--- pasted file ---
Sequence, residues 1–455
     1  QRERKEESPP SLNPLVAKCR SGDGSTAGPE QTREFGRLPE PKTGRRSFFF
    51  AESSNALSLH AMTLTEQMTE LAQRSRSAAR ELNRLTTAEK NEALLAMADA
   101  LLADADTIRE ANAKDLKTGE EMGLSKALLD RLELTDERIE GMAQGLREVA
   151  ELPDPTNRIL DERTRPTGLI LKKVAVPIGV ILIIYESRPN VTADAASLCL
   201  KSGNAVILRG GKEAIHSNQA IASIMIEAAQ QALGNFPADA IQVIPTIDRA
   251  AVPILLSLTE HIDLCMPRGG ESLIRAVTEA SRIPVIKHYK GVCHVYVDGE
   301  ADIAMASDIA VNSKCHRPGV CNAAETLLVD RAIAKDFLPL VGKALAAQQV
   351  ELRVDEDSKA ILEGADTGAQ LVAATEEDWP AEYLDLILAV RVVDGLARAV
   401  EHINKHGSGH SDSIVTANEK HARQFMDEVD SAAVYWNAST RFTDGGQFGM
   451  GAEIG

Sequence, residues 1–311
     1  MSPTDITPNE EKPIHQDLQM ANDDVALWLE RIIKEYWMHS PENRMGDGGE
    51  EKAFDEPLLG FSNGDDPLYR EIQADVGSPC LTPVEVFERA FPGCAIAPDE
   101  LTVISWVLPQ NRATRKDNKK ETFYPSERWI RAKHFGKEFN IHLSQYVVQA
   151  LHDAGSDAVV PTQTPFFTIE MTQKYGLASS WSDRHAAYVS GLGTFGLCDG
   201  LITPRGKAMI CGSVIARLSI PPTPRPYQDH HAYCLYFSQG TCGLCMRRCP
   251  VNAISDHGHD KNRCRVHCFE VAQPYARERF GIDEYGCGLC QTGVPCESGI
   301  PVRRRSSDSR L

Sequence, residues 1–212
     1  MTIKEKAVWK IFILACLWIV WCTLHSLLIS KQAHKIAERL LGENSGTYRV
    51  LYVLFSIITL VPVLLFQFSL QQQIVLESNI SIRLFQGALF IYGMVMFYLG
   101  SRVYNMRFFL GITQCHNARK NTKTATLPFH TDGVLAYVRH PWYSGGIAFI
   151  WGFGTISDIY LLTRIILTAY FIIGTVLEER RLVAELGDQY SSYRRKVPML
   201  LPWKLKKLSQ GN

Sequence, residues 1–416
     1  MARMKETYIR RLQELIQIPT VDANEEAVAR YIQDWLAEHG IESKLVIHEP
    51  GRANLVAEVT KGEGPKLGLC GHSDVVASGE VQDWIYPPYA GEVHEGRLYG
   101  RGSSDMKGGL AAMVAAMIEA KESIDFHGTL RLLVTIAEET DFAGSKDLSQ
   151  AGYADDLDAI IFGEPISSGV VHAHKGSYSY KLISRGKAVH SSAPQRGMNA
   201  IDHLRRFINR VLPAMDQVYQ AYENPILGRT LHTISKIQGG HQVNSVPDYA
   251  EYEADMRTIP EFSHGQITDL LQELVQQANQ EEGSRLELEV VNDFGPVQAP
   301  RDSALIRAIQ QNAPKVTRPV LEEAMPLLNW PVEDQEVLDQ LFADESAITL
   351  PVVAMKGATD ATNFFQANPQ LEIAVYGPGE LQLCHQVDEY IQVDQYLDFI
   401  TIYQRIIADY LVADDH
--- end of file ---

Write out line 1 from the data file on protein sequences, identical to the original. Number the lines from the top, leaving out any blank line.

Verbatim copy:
Sequence, residues 1–455